At one level, these women set the village ablaze because they do not want the fruits of their toil to fall into “enemy” hands. “If the rice is to be lost let it be lost to the ashes” (176), declares one of their number. This incident, however, could also be construed differendy. While a traditional approach does not allow one to draw a parallel between this passage and, say, the symbolic “bra burning” incidents of the 1960s, the episode, nevertheless, becomes emblematic when subjected to a post-modernist reading.

Roland Bardies states in ‘The Death of the Author” that a text consists of multiple writings, proceeding from several cultures and entering into dialogue, into parody, into contestation; but there is a site where this multiplicity is collected, and this site is not the author, as has hitherto been claimed, but the reader: the reader is the very space in which are inscribed, without any of them being lost, all the citations out of which a writing is made; the unity of a text is not in its origin but in its destination.

Even though the full significance of their action is lost on the women who erpetrate the deed, and perhaps on the author himself (who, after all, could not anticipate in 1938 the vast changes that were to take place in the women’s movement in the last three decades), the modern reader can recognize other layers of meaning by adopting a Barthesian approach. This “bonfire,” then, symbolizes that these women are no longer totally circumscribed by the demands of hearth and home, have successfully discarded outmoded traditions that had only served to reinforce the servitude placed upon them, and have challenged, if not totally overcome, the twin forms of patriarchy that had oppressed them for so long.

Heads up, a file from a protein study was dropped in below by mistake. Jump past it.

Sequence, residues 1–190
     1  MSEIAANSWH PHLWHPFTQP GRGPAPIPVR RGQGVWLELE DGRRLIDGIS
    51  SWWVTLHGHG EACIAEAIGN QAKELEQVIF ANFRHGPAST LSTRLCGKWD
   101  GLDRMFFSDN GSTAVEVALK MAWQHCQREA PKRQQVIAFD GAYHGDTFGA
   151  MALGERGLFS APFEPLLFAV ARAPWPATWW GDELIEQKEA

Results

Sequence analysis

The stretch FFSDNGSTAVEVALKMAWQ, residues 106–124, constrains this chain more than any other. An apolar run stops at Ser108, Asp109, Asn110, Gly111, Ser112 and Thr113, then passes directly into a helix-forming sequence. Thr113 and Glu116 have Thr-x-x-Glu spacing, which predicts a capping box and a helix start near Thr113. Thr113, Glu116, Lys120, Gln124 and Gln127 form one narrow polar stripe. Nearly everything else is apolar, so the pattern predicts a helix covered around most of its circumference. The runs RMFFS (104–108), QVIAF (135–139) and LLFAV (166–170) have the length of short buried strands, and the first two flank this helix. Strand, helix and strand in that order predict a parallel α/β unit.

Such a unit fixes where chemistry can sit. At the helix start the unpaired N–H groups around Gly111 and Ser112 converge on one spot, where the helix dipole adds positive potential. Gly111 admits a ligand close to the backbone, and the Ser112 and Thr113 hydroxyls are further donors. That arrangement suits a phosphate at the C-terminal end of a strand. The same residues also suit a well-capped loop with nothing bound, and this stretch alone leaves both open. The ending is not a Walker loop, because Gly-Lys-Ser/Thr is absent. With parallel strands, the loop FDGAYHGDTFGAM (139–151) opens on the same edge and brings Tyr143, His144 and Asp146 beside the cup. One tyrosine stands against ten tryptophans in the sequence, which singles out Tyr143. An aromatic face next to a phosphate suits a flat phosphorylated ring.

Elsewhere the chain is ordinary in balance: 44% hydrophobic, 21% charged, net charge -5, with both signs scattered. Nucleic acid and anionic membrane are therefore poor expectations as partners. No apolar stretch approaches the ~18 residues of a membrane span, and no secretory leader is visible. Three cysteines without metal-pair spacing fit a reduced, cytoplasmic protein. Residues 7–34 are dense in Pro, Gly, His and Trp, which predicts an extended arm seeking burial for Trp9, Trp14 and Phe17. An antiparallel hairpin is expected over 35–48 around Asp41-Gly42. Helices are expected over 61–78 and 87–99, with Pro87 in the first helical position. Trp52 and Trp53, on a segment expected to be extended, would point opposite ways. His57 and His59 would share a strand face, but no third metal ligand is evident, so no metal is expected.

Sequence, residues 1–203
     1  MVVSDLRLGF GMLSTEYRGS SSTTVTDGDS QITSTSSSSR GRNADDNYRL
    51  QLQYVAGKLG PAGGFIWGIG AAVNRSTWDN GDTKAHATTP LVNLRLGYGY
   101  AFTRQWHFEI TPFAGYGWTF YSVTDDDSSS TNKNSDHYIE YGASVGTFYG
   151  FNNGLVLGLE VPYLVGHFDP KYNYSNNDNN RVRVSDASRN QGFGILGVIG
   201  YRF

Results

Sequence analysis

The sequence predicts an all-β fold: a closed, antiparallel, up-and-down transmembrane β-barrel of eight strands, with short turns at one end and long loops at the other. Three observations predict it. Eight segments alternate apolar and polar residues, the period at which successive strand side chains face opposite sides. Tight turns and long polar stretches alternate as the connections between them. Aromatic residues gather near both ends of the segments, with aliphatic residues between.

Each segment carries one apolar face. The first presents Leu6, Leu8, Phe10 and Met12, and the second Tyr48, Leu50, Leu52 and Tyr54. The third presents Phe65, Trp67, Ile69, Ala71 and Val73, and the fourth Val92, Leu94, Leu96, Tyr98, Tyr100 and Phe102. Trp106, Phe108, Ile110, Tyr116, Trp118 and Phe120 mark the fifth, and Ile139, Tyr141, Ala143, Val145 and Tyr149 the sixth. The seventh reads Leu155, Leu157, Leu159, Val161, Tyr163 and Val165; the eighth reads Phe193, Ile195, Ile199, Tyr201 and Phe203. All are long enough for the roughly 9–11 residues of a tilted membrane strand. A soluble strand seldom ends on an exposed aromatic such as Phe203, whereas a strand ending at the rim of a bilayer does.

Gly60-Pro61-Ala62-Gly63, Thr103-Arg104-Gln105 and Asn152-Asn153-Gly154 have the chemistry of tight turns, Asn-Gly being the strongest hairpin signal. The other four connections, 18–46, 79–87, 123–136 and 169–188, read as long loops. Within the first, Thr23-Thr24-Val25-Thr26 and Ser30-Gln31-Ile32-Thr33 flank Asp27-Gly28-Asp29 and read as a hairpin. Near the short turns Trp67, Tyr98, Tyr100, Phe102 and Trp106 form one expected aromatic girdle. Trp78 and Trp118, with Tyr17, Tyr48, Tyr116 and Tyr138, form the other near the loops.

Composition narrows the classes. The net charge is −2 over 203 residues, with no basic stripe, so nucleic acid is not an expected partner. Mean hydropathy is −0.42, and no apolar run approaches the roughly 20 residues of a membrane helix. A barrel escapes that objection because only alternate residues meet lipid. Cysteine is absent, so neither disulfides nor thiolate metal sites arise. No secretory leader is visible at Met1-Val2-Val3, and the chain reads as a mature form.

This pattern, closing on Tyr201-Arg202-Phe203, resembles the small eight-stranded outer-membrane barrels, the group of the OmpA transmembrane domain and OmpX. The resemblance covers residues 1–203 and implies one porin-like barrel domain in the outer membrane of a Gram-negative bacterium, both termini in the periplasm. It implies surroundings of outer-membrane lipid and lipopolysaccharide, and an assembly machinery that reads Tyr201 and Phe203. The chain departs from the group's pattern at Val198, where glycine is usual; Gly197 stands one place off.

By reducing Kanthapura to ashes, and by leaving the village, the women make a statement to the effect that their subjugation is a phenomenon of the past. The women are now equal partners with men in the next step towards liberation. P. C. Bhattacharya observes that to the “Kanthapurians there was no final defeat, no farewell but only fare forward, no ending but always a new beginning” (268). This assertion is particularly applicable to the women in the novel.

There is, of course, much that is unacceptable and much that remains to be achieved—the female labourers in the Skeffington coffee estate no doubt continue to be harassed by their masters, and one of the final images of the novel is that of Concubine Chinna who remains in the burnt village “to lift her leg to the new customers” (182). Yet by portraying the plight of the women the way he has, Rao makes the reader aware of the necessity for change, and in his depiction of Rangamma and Ratna he demonstrates the way in which some changes could be achieved.

This essay was written by a fellow student. You may use it as a guide or sample for writing your own paper, but remember to cite it correctly. Don’t submit it as your own as it will be considered plagiarism.

Need a custom essay sample written specially to meet your requirements?

Choose skilled expert on your subject and get original paper with free plagiarism report

Order custom paper Without paying upfront

Women in Raja Rao’s Kanthapura. (2016, Nov 13). Retrieved from https://graduateway.com/women-in-raja-raos-kanthapura/